01 September 1988

Inverter-driven Heat Pumps Analysis of Heat Pump Units and Systems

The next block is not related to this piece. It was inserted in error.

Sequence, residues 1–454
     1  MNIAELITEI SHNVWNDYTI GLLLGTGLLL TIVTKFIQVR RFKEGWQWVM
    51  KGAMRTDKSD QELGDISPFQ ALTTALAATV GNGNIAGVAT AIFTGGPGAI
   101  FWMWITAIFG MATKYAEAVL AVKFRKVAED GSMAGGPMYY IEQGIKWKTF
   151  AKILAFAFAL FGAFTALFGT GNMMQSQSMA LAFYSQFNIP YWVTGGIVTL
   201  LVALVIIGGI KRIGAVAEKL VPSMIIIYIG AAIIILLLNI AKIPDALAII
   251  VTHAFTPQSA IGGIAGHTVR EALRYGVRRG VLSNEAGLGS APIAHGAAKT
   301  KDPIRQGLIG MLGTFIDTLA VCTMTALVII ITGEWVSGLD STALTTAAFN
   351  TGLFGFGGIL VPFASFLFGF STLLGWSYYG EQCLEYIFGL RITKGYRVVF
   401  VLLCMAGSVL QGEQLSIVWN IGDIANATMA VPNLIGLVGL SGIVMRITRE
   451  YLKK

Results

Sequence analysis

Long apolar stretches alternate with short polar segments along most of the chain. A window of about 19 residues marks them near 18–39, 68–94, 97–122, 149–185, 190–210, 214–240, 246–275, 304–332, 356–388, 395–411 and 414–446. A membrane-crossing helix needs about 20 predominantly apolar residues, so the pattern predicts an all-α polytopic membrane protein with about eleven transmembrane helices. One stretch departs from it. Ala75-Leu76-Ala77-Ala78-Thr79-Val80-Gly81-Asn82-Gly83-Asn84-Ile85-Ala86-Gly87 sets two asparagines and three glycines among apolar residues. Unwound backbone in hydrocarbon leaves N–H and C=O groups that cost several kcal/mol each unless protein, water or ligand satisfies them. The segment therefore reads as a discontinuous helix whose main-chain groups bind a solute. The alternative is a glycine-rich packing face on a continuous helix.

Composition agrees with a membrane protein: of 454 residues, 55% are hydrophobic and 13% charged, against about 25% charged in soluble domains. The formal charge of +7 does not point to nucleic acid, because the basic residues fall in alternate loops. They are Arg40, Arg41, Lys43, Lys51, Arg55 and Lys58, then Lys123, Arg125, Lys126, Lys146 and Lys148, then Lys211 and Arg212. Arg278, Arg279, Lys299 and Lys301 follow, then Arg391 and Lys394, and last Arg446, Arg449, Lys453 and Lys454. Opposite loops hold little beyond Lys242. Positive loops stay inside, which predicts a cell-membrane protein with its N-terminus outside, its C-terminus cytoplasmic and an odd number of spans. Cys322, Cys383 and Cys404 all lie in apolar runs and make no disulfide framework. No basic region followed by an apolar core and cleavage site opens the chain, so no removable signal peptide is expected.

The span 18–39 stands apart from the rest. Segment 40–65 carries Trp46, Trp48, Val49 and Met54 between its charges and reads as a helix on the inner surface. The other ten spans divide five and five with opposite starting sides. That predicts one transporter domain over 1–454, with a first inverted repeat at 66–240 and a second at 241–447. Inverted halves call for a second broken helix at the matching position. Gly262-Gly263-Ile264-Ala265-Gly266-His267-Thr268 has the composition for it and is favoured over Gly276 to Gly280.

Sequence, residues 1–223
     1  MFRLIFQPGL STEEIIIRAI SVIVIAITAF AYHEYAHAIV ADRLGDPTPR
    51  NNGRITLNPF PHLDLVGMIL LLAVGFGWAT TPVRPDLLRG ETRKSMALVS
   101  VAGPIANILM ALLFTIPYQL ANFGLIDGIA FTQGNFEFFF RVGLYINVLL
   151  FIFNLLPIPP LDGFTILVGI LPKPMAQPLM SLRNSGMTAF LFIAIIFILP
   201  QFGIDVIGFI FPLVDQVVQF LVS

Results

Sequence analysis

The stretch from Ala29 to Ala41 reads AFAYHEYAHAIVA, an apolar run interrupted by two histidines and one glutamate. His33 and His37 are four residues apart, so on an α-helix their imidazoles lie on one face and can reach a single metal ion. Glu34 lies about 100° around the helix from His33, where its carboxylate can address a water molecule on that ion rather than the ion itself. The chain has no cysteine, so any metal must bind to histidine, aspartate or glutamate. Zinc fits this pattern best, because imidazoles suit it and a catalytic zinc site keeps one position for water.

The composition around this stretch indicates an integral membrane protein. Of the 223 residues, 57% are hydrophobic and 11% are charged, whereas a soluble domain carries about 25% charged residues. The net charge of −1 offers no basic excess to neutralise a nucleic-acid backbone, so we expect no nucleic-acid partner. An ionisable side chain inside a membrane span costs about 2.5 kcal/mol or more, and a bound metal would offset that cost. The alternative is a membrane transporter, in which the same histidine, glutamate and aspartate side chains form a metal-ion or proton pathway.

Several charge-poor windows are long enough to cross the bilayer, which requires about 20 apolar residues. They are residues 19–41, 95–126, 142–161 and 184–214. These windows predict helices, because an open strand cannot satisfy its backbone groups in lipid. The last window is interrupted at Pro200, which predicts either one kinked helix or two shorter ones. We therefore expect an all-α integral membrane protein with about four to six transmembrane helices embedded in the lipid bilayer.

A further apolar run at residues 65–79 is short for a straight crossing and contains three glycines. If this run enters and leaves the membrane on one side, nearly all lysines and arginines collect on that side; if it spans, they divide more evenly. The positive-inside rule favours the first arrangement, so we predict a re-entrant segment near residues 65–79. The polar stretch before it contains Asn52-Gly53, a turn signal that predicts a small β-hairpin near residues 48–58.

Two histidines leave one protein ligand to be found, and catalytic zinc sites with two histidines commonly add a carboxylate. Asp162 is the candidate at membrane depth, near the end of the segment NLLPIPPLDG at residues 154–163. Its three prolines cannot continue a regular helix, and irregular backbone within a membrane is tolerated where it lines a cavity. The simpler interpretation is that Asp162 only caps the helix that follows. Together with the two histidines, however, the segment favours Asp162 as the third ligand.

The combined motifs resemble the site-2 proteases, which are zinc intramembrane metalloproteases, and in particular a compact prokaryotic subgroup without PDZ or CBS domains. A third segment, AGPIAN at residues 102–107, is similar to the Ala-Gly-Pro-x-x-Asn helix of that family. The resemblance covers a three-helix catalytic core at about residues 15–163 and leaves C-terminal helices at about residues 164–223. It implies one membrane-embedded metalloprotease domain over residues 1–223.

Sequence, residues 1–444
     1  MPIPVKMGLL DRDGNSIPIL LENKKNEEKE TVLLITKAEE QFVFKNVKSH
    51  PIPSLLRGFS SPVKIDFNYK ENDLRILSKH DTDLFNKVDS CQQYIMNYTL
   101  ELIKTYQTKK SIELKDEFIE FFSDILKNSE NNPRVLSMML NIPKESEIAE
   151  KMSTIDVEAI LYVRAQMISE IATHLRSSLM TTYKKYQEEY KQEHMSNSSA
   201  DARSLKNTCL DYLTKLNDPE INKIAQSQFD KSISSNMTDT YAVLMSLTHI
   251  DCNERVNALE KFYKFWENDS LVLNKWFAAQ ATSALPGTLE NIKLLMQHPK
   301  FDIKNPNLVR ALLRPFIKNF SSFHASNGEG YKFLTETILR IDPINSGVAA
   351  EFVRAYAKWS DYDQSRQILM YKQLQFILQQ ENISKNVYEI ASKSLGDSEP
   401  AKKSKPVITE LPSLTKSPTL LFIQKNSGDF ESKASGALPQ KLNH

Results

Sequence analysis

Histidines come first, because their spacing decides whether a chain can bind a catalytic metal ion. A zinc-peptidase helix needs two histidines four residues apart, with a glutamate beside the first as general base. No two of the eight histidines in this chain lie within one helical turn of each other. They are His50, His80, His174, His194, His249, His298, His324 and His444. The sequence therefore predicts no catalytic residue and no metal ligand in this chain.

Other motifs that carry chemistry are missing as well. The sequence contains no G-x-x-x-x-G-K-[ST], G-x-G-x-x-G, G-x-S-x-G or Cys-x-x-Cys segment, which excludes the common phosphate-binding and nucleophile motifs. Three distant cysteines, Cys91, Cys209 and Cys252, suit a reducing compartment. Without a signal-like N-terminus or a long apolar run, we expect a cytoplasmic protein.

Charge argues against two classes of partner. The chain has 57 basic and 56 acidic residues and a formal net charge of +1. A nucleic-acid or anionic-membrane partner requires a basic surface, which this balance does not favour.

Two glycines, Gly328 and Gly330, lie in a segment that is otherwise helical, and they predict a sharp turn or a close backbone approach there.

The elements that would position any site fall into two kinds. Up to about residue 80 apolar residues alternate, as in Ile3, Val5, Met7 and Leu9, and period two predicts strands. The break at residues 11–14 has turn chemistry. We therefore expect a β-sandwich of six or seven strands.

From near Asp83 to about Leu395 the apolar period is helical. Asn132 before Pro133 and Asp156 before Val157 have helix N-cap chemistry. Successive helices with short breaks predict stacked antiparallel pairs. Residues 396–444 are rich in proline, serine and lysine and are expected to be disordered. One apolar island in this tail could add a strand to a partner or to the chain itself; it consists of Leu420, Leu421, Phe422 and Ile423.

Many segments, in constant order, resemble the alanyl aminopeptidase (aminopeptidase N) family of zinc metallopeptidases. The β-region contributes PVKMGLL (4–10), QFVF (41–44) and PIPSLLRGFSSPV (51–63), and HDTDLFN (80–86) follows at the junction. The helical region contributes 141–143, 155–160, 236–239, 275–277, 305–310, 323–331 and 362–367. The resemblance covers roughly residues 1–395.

Low efficiency and high costs for inverters have been historic obstacles to the introduction of continuous capacity control in small residential heat pumps. However the rapid development in electronics within the last decade has resulted in the introduction of inverter-driven heat pump air conditioners on the Japanese market in 1982. Advantages of these units are reduced energy consumption and improved comfort because of continuous operation. This situation was the basis for the HPC Project on “Inverter-Driven Heat Pumps for Hydronic Systems” approved by the Steering Committee in May 1986 in Paris. The objective of this analysis is to investigate the interaction of inverter-driven heat pumps with hydronic systems the seasonal performance factor, the share of heat consumption covered by the heat pump, and effects on the costs compares to systems presently available on the market. The tasks carried out in this analysis study are: the comparison of heat pump units without and with inverter by means of evaluation of performance characteristics of compressors (contributed by the Japanese industry and the Graz Institute of Thermal Engineering), investigation of sizing criteria of heat pump units, dimensioning of the main components, modes of integration into hydronic systems, and SPF (seasonal performance factor) modelling of hydronic heat pump systems. Results of this analysis are: In the case of systems with high balance temperature – bivalent systems – the unit without inverter is favourable in terms of SPF. In the case of systems with low balance temperature – for example monovalent systems – the unit with inverter is the better choice.


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